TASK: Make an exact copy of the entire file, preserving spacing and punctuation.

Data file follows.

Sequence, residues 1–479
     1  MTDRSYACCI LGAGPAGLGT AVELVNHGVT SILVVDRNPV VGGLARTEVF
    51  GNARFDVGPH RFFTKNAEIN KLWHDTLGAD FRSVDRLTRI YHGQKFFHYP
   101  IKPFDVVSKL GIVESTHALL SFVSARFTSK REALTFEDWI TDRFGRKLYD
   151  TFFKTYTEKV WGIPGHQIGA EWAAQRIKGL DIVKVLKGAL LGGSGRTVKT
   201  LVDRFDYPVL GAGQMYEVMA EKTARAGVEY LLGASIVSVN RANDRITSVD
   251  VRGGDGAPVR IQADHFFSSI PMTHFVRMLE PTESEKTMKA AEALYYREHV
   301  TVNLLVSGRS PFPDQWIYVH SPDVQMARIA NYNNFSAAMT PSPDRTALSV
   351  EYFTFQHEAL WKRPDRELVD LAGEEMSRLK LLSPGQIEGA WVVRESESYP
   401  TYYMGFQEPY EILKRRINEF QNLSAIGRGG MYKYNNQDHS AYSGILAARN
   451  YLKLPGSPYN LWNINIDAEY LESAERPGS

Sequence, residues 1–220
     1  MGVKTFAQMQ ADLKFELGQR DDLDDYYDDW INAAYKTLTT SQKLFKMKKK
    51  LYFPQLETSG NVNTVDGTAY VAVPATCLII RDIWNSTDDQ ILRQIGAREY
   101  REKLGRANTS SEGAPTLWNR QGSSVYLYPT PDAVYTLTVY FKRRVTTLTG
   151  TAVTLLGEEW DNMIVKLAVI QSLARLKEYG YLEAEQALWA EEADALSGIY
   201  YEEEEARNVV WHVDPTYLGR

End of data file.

Sequence, residues 1–479
     1  MTDRSYACCI LGAGPAGLGT AVELVNHGVT SILVVDRNPV VGGLARTEVF
    51  GNARFDVGPH RFFTKNAEIN KLWHDTLGAD FRSVDRLTRI YHGQKFFHYP
   101  IKPFDVVSKL GIVESTHALL SFVSARFTSK REALTFEDWI TDRFGRKLYD
   151  TFFKTYTEKV WGIPGHQIGA EWAAQRIKGL DIVKVLKGAL LGGSGRTVKT
   201  LVDRFDYPVL GAGQMYEVMA EKTARAGVEY LLGASIVSVN RANDRITSVD
   251  VRGGDGAPVR IQADHFFSSI PMTHFVRMLE PTESEKTMKA AEALYYREHV
   301  TVNLLVSGRS PFPDQWIYVH SPDVQMARIA NYNNFSAAMT PSPDRTALSV
   351  EYFTFQHEAL WKRPDRELVD LAGEEMSRLK LLSPGQIEGA WVVRESESYP
   401  TYYMGFQEPY EILKRRINEF QNLSAIGRGG MYKYNNQDHS AYSGILAARN
   451  YLKLPGSPYN LWNINIDAEY LESAERPGS

Sequence, residues 1–220
     1  MGVKTFAQMQ ADLKFELGQR DDLDDYYDDW INAAYKTLTT SQKLFKMKKK
    51  LYFPQLETSG NVNTVDGTAY VAVPATCLII RDIWNSTDDQ ILRQIGAREY
   101  REKLGRANTS SEGAPTLWNR QGSSVYLYPT PDAVYTLTVY FKRRVTTLTG
   151  TAVTLLGEEW DNMIVKLAVI QSLARLKEYG YLEAEQALWA EEADALSGIY
   201  YEEEEARNVV WHVDPTYLGR